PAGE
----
Neighbourhood Watch were from Fredericton, New Brunswick and existed between 1985 and 1988. They released a 7″ EP called Death At The Hands Of Time on Real World Records based in Durham, UK. There were a few other bands with the same name, though these guys used the Canadian spelling of neighbour with the “U” in there. It was no small feat for a band from eastern Canada to have a record out during this time period. In fact I would say this is the first punk 7″ from this entire area. The following is an interview I did in Febuary 2011 with their vocalist Grant Forsythe. Enjoy! MP3’s at the end as usual!

Tell me about the start of the band. When was it and who was in the band? Why did you start it?
Ciaron Lewis and I had talked on and off about starting a band because really, there was fuckall else to do. Although there was a very early version involving Pat Oanicia (who went on to sing for S.C.U.M.) and Rich Ivey, we didn’t really come into our own until late ’85 when Ciaron brought Nick Oliver into the fold. For quite a while we had no bassist. In fact our first show, we had to bring in my room mate to fill in. Finally we settled on Rob Melvin for bass. That was pretty much the first solid line-up we had. It’s the line-up you hear on the 7″ EP and on the No Frontiers compilation EP. It was also the line-up that was on the first tour.
By the time we got back we were plagued with a line up that slowly kept changing. Other former members included:
Bill Brown, Tim Gorman, James Hamilton, Daren Greene, Steve Vienot, Johnny Whalen, Al Muir, Steve Duggan, and a few others who’s names I can’t remember at this time.

What was the scene in NB like at the time? Was there any sort of rivalry between fredericton and other cities in NB or with Halifax?
I know there was a difference of opinion with the SJ (Saint John, NB) crew, but a rivalry? Fuck no. The scenes were just too small to warrant that kind of foolishness. I don’t recall any rivalry with HFX either. The HFX kids were always awesome when we hit there. I think we were somewhat tight with System Overload and Shane from Early Warning Syndrome is still a pal of mine to this day.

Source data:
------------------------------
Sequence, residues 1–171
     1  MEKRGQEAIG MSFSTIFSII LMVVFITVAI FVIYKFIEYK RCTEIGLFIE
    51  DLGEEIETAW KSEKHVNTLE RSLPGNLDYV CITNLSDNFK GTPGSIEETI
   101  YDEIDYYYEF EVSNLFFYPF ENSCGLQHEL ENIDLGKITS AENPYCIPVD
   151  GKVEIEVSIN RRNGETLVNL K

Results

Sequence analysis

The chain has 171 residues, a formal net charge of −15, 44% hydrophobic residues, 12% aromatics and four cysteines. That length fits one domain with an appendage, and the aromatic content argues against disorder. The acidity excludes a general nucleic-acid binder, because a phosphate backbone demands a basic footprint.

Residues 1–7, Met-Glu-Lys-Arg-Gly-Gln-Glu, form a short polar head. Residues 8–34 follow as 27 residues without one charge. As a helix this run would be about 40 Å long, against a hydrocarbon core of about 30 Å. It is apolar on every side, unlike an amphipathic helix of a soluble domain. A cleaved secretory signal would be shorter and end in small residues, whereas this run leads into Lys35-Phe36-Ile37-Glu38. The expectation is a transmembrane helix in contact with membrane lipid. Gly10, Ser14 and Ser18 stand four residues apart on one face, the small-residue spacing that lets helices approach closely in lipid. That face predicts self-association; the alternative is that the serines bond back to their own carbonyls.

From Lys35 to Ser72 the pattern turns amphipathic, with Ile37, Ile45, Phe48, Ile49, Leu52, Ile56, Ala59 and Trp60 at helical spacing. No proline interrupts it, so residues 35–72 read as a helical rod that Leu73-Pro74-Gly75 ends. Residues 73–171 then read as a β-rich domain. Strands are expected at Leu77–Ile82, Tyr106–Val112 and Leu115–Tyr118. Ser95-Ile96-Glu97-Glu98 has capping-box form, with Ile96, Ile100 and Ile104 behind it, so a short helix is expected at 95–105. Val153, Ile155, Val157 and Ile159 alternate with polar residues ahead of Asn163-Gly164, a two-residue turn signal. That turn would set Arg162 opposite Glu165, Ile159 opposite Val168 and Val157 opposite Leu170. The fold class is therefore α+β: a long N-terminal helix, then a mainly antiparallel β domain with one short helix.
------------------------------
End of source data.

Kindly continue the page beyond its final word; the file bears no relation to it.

Did you do much touring? Any cool show/tour stories?
We only did two tours which went up to Ontario and back and that was in the summers of ’86 and ’87. I think even some of the shittier gigs were cool. We, along with The Jellyfish Babies and Florida’s No Fraud totally got screwed by a promoter in Ottawa and he pretty much had to be threatened with a baseball bat to get any money from him, but it was a wicked fun show. Ironically it wasn’t until two years ago when I was drinking with Colleen that we realised that we were both on that same bill and didn’t know it! We made friends with some bands like Problem Children, SCUM, etc…
Cool tour stories? Not sure how cool, but some definitely memorable ones.
We were staying at a punk house in MTL and I forgot exactly what was so funny but I fell backwards into a door and it flew open and there was this guy with his lady friend and his bare ass up in the air for all of us and SUDDEN IMPACT to see. There was much hilarity. Some loon in HFX tried to convince us that the street we parked on outside the YWCA was his property.

How did you get hooked up Real World Records in the UK?
I ordered a copy of a zine called 10 Years On and mentioned in my letter I was in a band. He asked for a copy of our Coming Of Age demo for review. He liked it and interviewed us. Then told us he was starting a lable and would we be interested in releasing the demo on vinyl. Naturally we jumped at the chance.

What about Guilt Parade – were they an influence or were you around about the same time?
Guilt Parade and NW were both around at the same time and would share bills from time to time. I don’t think either band had an influence on the other to be honest. If you can find it, get their “Animals That Talk Like Men” demo. It’s hands down the best thing they ever did and a total barn burner! (Ian – Oh you can find it on this blog!! – )

When and why did the band break up?
I think our last show was in the summer of ’88. The band had gone through so many member changes that we spent more time teaching people the old songs than doing anything new. Nick was tired of doing it I think. Our last show resulted in a flooded building and some very pissed off people (I was channeling my inner Lee Ving that night.)
Other than Rob Melvin I still stay in contact with most of the former members.

Check out their Death At The Hands Of Time 7″ plus 2 live sets (Hamilton, ON 1986, Fredericton, NB 1988) and the song Time To Care off the No Frontiers comp 7″. The Coming Of Age demo is nowhere to be found just yet.